How to Coach when Trailing in Basketball

Playing catch-up in the final minutes of a basketball game is not for the faint of heart: The stakes are suddenly much steeper and the pressure to perform is high. Needless to say, conditions aren’t ideal. But sparking a game-winning comeback isn’t impossible by any means. Like any other task, playing from behind is much more manageable when you have a clear-cut plan of action. Outlined below are a few strategies that will significantly increase your team’s chances of success as the final seconds expire off the clock.

Defensive Strategy

The overall objective on defense doesn’t change because your team is behind and you are running short on time: Preventing the opponent from scoring is still the primary goal. However, your defensive priorities should shift slightly in this situation. Generally, an offense’s time of possession is irrelevant if the defense forces a bad shot or prevents scoring. For example, forcing an offensive opponent to eat up the entire shot clock is usually a huge victory for the defense. But that’s not the case when your team is behind; losing precious seconds could be more detrimental than allowing an opponent to quickly score.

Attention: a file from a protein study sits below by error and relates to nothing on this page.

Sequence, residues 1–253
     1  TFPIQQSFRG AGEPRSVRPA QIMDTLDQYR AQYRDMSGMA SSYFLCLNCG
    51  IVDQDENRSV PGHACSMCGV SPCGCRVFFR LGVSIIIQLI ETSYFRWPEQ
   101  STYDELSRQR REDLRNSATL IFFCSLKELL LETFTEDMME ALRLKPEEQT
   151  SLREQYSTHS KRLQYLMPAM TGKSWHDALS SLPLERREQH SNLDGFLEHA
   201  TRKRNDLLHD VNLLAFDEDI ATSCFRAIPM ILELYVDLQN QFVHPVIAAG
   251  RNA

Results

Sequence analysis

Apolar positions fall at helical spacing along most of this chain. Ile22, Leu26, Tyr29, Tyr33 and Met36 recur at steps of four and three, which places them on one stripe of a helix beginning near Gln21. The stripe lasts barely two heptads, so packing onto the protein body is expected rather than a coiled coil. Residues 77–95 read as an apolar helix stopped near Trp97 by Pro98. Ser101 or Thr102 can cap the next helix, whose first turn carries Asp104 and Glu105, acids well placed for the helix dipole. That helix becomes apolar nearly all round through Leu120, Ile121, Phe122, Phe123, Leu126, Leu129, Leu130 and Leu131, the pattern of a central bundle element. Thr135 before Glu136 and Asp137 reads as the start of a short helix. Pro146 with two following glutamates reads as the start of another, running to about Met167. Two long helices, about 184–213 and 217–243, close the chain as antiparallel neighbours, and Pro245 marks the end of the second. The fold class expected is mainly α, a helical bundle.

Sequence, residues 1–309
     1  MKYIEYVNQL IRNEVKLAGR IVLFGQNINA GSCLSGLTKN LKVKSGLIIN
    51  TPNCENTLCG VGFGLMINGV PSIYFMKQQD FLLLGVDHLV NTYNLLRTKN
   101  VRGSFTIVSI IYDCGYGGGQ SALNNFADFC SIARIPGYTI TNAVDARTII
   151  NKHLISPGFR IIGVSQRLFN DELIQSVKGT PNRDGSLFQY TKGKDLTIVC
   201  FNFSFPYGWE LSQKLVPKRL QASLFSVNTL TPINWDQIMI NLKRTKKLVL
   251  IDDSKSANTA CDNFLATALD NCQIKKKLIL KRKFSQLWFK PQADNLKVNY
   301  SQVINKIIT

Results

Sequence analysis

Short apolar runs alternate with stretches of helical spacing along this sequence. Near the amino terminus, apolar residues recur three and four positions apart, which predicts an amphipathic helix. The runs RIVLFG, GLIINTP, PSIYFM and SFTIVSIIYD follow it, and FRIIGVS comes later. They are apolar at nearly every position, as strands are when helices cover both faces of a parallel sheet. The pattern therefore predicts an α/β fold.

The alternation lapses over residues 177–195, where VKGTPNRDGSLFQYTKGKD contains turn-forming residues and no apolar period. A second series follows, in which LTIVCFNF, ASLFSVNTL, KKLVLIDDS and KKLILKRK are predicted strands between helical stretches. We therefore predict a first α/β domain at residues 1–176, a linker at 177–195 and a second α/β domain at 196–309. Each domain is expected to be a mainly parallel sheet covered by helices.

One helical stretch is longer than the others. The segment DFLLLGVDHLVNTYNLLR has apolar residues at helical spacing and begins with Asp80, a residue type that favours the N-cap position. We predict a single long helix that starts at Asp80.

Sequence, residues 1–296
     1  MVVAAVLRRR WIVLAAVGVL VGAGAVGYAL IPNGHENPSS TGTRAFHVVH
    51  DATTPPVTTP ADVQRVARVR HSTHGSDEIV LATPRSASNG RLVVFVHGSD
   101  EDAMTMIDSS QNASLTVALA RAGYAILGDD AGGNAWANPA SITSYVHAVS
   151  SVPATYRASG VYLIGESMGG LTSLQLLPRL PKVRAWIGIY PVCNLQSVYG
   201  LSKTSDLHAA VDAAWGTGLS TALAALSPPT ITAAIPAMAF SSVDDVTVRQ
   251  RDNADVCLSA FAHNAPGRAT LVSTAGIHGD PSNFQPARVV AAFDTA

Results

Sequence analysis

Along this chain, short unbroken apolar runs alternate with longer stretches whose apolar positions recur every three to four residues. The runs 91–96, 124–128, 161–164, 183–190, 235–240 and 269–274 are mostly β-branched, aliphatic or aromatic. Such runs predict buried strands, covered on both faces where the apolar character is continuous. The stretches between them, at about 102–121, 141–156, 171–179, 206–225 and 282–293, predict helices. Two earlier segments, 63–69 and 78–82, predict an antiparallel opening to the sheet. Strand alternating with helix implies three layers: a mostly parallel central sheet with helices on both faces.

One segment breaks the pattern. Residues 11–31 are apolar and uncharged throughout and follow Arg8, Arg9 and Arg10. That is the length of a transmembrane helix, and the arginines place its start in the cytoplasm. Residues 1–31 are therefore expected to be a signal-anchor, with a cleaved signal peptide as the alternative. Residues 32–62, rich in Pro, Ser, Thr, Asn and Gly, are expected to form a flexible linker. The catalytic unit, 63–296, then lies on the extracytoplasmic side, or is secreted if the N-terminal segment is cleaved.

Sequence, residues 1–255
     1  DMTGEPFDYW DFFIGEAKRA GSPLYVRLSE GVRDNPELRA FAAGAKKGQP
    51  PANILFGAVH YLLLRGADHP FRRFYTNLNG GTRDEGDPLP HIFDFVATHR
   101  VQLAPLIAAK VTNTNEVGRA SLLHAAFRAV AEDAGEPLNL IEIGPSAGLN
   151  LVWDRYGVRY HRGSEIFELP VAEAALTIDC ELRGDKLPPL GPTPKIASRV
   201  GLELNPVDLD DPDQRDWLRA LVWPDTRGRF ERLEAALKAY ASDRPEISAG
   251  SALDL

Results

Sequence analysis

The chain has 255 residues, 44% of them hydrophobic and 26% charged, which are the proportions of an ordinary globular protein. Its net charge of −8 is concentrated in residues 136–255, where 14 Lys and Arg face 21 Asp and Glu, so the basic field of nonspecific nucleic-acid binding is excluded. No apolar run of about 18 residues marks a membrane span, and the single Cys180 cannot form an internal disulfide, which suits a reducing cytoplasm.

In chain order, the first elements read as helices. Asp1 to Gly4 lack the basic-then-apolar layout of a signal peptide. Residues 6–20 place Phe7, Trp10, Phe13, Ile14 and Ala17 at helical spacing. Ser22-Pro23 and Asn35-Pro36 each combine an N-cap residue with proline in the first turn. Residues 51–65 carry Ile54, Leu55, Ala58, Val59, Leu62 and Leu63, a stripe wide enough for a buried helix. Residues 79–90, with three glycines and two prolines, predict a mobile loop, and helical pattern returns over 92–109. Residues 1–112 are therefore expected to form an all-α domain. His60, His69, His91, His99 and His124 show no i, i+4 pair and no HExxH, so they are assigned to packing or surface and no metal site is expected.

Full-Court Press

It’s in the opponent’s best interest to lollygag and waste time while bringing the ball up the court. One way to prevent stalling is to institute a full court press. By applying full-court defensive pressure, you can force the offense to make decisions under duress. All you need is an offensive player to panic or make a lazy pass and you capitalize on the mistake and regain possession of the ball.

Focus on the Steal

Taking the ball away from the opponent is always a good thing, but going for the steal generally isn’t the focus of most defenses. Rather, the majority of defenses aim for containment — limiting the type and number of offensive shots taken. But when your back is up against the wall, so to speak, going for the steal needs to be a top priority. You always want to go for the steal as soon as the ball is inbounded, so as to waste as little time as possible. If you successfully obtain possession of the ball, then all is good. But if your efforts are not fruitful you may need to foul to stop the clock.